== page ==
Teamleader: “Of course we listened to your recording; your customer service is top-notch!”

And when the annual review comes by:

Teamleader: “You are really a hard worker and you’ve done so well… but all the calls and emails I reviewed were so-so. I even took one extra, thinking it might have been an unlucky pick, but you get a barely passing grade.”

Me: “Really? And how can I improve?”

Teamleader: “Well, eh… you should check more often with a senior…”

Me: “You mean with [Senior]?”

Teamleader: “Yes, yes!”

Me: “You mean [Senior], the one I was asked to train for the job? The one who comes to me for advice at least twice his shift?”

Teamleader: “Eh, yeah… anyway, your emails…”

Me: “You know I check emails for the new employees, right? Surely, if I could be trusted with that…”

Teamleader: “Yeah, well, all your calls and emails were barely passing. You will get the legal raise and that’s final.”

It was at that moment that I realized that they never intended to give me a raise higher than the legal amount. I was allowed to do senior work but not get the compensation. 

I wanted to consider looking for another job, but a few weeks later, I was asked to help in a different department. This lead to a better-paying job in that department, with more stable hours, so I was fine with that. There was still plenty wrong with that job, but that’s another story.

Expecting Both Telepathy AND Time Travel

, , , , | Right | December 16, 2021

Caller: *Irate* “I received this letter from [Collection Agency]. Why is that? I paid my bill!”

Me: “Let me see… I see the payment for [previous month] has not been received.”

Caller: “I did pay it! I paid it [twenty days too late]. I always pay at the end of the month!”

Me: “When did you exactly pay?”

Caller: “[Date].”

Me: “I see that payment, but it seems it’s been processed for [current month].”

Caller: “That is wrong; it was supposed to be for [previous month]. How could you mess that up?! I paid in time!”

Me: “I see you used your customer account to pay it.”

Caller: “I did. I used the link you guys generated, so this is not my mistake.”

Me: “Did you perhaps use the link for [current month], instead of [previous month]?”

I can see which month she clicked; I’m just trying to be kind.

Caller: “So? You guys should process the money with the oldest bill anyway.”

Me: “Miss, if you use that link, we clearly state which month the money will be processed with. This is an automatic process.”

Caller: “But you guys can see which month is unpaid. You should use the money for that month!”

Me: “Both months were unpaid at that moment. If you use [link A], we have to assume you want to pay [bill A].”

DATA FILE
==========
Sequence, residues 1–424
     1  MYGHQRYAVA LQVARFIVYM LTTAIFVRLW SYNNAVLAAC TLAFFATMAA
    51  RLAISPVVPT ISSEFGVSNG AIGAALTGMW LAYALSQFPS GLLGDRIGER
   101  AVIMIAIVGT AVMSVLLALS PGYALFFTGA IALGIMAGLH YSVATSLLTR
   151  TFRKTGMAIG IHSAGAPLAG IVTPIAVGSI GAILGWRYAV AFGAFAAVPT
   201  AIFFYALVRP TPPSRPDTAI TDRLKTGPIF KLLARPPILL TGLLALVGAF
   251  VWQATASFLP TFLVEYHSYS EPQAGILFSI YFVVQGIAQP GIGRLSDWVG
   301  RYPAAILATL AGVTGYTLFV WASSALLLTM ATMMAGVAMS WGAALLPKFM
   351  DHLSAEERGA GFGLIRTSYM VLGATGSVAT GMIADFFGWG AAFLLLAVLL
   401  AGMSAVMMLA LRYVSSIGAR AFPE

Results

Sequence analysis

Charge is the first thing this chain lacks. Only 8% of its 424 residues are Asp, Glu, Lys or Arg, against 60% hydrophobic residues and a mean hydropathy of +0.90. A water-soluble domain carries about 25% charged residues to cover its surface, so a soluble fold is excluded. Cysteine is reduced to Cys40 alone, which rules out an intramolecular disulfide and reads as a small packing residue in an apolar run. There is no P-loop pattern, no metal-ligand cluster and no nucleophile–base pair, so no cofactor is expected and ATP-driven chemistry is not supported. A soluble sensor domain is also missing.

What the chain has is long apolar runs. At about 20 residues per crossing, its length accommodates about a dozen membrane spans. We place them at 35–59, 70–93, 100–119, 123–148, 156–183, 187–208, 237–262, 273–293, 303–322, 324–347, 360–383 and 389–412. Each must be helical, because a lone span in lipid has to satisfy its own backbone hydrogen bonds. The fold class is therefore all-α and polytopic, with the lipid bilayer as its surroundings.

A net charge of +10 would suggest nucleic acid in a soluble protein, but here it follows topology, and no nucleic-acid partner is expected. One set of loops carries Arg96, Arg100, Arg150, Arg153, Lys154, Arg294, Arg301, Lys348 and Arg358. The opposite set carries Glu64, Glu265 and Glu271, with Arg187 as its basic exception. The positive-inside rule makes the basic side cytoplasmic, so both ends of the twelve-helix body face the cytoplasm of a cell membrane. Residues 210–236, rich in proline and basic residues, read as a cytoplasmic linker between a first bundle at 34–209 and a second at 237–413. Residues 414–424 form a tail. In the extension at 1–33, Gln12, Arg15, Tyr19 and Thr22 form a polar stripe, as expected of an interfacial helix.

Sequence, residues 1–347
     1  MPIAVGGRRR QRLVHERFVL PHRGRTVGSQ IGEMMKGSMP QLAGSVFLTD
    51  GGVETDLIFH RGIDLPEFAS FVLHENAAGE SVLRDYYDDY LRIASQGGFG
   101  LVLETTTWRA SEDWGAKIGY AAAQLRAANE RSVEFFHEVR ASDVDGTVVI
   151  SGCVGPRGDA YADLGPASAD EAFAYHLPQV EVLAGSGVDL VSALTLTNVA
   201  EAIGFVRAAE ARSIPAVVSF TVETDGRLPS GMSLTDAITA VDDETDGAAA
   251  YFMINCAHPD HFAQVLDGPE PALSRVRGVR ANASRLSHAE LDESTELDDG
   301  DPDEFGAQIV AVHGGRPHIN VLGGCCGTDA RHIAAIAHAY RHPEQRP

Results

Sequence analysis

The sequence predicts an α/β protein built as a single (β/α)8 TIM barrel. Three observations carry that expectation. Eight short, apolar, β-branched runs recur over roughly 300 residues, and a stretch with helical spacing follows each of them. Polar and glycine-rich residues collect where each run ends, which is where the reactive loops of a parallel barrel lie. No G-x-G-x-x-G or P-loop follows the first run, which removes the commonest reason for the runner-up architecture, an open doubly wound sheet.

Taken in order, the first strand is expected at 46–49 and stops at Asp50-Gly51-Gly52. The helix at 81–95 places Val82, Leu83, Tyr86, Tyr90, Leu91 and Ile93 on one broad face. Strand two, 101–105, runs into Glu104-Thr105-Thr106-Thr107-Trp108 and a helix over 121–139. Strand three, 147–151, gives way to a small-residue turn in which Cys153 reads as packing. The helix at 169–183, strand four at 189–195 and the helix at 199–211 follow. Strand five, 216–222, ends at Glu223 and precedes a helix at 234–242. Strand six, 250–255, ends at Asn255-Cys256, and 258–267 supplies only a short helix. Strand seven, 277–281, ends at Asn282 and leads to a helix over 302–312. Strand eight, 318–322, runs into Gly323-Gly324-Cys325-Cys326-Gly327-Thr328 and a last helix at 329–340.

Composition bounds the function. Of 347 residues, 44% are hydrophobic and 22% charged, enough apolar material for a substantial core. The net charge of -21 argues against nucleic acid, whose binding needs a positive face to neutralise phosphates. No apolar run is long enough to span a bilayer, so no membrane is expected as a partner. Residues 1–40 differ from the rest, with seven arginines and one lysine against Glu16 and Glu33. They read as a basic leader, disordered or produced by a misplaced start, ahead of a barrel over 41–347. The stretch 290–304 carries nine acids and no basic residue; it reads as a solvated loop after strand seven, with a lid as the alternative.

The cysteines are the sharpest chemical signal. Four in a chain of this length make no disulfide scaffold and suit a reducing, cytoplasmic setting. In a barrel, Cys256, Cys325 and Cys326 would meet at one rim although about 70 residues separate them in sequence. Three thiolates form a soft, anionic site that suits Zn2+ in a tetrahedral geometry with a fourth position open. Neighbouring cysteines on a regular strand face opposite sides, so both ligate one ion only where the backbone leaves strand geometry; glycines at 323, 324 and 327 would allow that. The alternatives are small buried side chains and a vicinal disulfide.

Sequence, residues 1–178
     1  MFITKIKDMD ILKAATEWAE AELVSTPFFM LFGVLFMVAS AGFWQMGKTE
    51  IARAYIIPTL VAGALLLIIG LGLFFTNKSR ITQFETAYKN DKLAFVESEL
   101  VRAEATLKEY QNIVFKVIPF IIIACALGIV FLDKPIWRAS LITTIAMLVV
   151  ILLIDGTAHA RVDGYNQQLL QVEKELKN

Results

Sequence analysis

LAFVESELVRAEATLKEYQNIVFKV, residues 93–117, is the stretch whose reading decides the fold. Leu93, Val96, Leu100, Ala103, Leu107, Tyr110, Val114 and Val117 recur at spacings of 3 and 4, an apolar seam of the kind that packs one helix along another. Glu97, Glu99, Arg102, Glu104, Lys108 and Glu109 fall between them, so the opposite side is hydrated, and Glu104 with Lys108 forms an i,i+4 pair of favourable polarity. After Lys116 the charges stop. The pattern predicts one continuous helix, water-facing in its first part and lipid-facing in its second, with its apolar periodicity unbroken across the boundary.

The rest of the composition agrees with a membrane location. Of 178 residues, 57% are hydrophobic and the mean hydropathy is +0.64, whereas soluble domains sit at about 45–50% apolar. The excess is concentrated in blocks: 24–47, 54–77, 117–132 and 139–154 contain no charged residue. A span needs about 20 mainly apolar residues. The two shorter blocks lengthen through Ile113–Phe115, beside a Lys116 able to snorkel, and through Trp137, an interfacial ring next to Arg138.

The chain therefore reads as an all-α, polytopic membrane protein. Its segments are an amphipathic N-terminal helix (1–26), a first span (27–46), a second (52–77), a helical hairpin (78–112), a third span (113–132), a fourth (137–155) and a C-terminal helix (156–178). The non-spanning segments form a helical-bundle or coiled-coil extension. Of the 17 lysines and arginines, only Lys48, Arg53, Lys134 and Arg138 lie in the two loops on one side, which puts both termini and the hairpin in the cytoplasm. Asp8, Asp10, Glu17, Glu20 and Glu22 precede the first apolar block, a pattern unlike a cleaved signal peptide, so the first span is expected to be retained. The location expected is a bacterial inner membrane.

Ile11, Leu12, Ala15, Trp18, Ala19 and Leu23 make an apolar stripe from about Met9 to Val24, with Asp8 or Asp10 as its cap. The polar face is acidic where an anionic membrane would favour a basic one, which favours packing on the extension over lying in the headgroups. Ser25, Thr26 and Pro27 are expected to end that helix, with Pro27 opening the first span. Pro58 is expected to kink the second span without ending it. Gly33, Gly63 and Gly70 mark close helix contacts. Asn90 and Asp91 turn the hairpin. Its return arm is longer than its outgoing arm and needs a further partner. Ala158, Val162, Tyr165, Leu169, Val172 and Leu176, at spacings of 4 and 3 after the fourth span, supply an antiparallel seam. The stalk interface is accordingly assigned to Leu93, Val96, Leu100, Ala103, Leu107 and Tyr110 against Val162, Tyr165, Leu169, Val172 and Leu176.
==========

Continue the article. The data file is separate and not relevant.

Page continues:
Caller: “Well, you guys should have checked! I just misclicked; you should know I meant the previous month.”

Me: “I’m sorry, miss, but it’s impossible to check with every client if they intended to pay the bill they clicked the link for. Let me patch you through to the collections agency; maybe they can help you.”

Caller: “But you should have known I meant [previous month]!”

I tried, but I still can’t mind-read.

Their Mother?! Really?!

, , , , | Working | December 16, 2021

The conference I was speaking at had a daycare center, so even though it was during the school summer vacation and my husband was also working, we didn’t have to arrange a babysitter. On arrival, I filled out the registration forms at the reception desk, handed the children off to the childcare worker, and went to do my presentation.

When I came to pick them up two hours later, my daughter looked sad. Then, I spotted their name tags.

We are Dutch and our children have North European names, spelled slightly different from the more usual form, but pronounced pretty much the same, like Riita and Tuomas.

On the children’s name tags were the common versions, Rita and Thomas. My son was too young to realize it, but my daughter was upset — like a seven-year-old can be — because her name was spelled wrong. She insisted, “I am not a Rita; I am Riita.”

I asked the receptionist what happened. She answered she didn’t know; the childcare workers made the nametags.

Just when we were about to leave, the worker who had taken care of the children walked up to the reception desk to grab something. The receptionist asked her why she had spelled the names differently from the names on the forms, and she answered, “I thought their mother spelled their names wrong.”

I still wonder why a childcare worker would think a speaker at a conference would misspell both her children’s names in clear block letters on a registration form. Or maybe she thought the parents had misspelled both the children’s names at birth but stuck with it and the worker tried to remedy that? And then also ignored my daughter’s protests for two hours.